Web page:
07 February 2021 Posted By : Christy Somos,Graham Slaughter

PM warns Canadians to expect more travel restrictions soon

TORONTO -- Prime Minister Justin Trudeau is warning Canadians to expect more travel restrictions in the near future.

At his briefing Tuesday, Trudeau reiterated federal public health guidance to avoid all non-essential travel, both abroad and in between provinces.

Trudeau said in French that the constantly evolving news of COVID-19 variants from other countries has spurred the government to look at improving the measures already implemented – and that an announcement would come very soon.

The prime minister also reiterated his previous statements on upcoming travel, telling Canadians to cancel any plans they may have booked, and that while the number of cases linked to traveling abroad are low, “one case is too many.”

Trudeau said the “bad choices of a few” should not be allowed to put others at risk.

Currently, the land border between Canada and the U.S. remains closed to travellers, while international travellers flying into the country must show a negative COVID-19 test 72 hours before their departure flight. They then must quarantine for 14 days upon arrival.

Violations of any of these measures can result in charges under the Quarantine Act, with a maximum sentence of six months in jail or fines up to $75,000.

Quebec Premier Francois Legault reiterated Tuesday that he wants Ottawa to implement an outright ban on non-essential travel or to mandate a 14-day stay in a hotel upon arrival in Canada – and as Trudeau said at his Tuesday briefing, “all options are on the table if necessary.”

Ontario Premier Doug Ford also called on the federal government to implement mandatory COVID-19 testing and a temporary ban on direct flights from countries where new strains of coronavirus have been found.

Ford made the announcement while providing an update on a pilot project at Toronto’s Pearson International Airport that has so far detected 146 positive cases of COVID-19 out of 6,580 tests. Four of those positives have been screened as the potential U.K. variant and will undergo further investigation.

“This is simple folks, no politics, no nothing, you land in Toronto, or other areas, you have to be tested, simple as that. We aren’t the first country to require this and we won’t be the last,” Ford said.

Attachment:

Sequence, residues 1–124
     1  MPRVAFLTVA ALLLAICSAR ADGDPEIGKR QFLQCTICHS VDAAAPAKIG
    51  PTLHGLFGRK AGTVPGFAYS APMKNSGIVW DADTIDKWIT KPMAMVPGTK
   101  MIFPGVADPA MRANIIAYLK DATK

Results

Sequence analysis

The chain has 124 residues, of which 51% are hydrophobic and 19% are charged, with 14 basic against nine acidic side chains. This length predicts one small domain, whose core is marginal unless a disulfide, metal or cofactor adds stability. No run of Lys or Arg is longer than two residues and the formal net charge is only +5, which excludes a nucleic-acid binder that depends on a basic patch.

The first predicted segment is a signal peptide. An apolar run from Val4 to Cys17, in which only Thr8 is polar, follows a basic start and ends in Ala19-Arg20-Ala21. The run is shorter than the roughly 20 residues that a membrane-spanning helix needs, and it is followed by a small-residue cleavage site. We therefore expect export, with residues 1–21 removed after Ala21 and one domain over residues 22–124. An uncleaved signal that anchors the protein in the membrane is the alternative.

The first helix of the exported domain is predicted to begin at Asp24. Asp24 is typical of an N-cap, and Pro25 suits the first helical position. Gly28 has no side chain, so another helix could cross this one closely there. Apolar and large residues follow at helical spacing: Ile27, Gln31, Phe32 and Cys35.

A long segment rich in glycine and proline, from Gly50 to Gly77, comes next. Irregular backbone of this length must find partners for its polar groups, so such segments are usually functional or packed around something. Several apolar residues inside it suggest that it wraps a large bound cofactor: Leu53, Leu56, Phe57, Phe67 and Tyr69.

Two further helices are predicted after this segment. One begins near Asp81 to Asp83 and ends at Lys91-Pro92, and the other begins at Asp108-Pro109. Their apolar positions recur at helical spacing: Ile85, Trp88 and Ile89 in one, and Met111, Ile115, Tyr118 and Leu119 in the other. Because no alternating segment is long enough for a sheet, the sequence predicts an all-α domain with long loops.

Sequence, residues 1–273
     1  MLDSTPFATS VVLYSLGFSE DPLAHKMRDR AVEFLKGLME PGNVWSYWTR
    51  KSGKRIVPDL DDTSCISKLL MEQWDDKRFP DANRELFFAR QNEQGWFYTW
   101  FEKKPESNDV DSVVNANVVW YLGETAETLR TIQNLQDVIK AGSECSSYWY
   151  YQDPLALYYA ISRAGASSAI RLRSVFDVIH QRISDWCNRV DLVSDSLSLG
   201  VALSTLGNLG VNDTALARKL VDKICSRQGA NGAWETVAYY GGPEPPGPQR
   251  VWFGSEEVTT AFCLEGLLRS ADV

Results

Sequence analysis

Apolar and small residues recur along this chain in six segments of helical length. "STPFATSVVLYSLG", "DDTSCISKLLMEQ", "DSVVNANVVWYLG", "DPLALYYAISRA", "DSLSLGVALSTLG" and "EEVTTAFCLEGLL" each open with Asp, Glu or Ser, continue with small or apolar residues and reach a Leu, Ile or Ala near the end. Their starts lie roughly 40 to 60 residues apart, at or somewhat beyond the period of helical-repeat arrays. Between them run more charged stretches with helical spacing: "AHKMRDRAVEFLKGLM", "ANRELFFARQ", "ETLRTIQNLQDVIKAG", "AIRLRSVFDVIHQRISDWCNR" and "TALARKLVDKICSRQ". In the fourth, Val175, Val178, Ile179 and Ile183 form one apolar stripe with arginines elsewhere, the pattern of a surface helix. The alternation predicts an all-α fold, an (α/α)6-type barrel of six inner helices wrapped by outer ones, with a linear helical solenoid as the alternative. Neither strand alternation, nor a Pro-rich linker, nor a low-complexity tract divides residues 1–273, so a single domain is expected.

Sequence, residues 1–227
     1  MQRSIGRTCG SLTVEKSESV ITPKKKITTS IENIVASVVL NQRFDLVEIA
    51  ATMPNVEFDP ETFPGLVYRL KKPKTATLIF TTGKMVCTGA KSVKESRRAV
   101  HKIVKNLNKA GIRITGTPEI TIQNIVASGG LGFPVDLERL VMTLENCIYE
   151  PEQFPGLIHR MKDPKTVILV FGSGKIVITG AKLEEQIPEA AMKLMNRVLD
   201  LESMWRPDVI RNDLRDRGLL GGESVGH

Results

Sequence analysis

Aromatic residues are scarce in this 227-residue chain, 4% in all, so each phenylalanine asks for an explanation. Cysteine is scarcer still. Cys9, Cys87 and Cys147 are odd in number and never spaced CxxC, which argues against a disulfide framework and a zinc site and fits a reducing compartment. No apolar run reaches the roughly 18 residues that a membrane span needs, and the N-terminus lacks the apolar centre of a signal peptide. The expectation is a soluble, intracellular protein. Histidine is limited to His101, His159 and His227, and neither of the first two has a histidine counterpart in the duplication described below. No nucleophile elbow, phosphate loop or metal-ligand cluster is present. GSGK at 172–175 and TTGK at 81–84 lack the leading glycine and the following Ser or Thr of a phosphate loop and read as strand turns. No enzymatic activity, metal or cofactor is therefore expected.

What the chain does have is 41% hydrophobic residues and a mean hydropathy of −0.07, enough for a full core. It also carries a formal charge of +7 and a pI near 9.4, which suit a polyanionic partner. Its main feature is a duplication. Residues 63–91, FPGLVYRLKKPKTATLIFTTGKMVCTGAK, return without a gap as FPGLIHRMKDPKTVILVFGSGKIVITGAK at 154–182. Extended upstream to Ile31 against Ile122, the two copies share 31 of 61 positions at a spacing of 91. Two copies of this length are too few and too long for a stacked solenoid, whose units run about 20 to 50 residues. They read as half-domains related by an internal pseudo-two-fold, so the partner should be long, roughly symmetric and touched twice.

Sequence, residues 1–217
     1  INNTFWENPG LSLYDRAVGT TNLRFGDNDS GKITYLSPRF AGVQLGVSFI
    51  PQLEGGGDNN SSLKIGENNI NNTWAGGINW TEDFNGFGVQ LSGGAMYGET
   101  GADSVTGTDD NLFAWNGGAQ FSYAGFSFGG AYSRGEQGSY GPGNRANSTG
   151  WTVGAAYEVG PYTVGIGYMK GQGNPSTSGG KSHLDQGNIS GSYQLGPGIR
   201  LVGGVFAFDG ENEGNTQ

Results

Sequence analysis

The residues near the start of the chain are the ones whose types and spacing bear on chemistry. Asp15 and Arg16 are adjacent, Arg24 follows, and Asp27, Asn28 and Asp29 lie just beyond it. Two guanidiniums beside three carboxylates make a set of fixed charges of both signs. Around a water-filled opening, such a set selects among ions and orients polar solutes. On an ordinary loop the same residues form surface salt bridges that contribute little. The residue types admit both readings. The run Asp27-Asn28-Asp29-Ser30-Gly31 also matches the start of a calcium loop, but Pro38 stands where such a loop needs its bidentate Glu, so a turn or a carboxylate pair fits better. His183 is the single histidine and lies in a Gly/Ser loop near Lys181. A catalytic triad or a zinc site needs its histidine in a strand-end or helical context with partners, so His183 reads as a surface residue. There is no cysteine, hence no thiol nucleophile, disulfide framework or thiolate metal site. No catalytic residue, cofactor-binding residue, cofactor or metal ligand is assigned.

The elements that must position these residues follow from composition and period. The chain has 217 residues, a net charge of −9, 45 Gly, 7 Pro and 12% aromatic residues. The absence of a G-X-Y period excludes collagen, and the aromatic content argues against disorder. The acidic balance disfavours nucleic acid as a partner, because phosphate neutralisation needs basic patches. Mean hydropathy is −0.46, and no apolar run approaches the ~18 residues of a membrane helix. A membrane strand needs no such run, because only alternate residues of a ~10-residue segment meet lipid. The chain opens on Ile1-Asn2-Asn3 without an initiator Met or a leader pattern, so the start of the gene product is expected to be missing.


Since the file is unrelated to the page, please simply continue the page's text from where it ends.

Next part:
The request for more stringent travel measures was echoed by Manitoba Premier Brian Pallister, who announced Tuesday that the province is amending its public health orders to introduce a 14-day self-isolation period for anyone travelling into Manitoba from other parts of Canada.

The Public Health Agency of Canada has reported more than 200 flights, both international and domestic, that have confirmed COVID-19 cases, as well as one VIA Rail train trip.

Overall, travel outside Canada has been deemed the primary cause of 1.4 per cent of COVID-19 cases in Canada since the start of the pandemic, with contact with a traveller accounting for another one per cent of infections.

Karen Grepin, an associate professor of public health at The University of Hong Kong, said hotel isolation could cut down on unnecessary trips.

“But at the same time does allow people to go for essential travel if required as long as they're willing to do the quarantine upon return," Grepin said.

As Canadians are urged not to travel abroad, a total booking of the Fairmont Jasper Park Lodge for nine weeks beginning in February has raised questions about international travel to Canada. Reality Steve, a television writer, tweeted the Bachelorette is filming its next season at the 446-room hotel.

A hotel spokesperson would not confirm who had booked out the entire facility for more than two months, citing privacy concerns.

Asked about the booking, Alberta Chief Medical Officer of Health Dr. Deena Hinshaw said she is working on a professional film industry framework with safety precautions, though she added the federal government would have to sign off on any sort of cross-border television shoot.

"If there are any of those kinds of activities that are looking to come into the province, it wouldn't just be a provincial conversation, there would be a federal conversation as well," she said.

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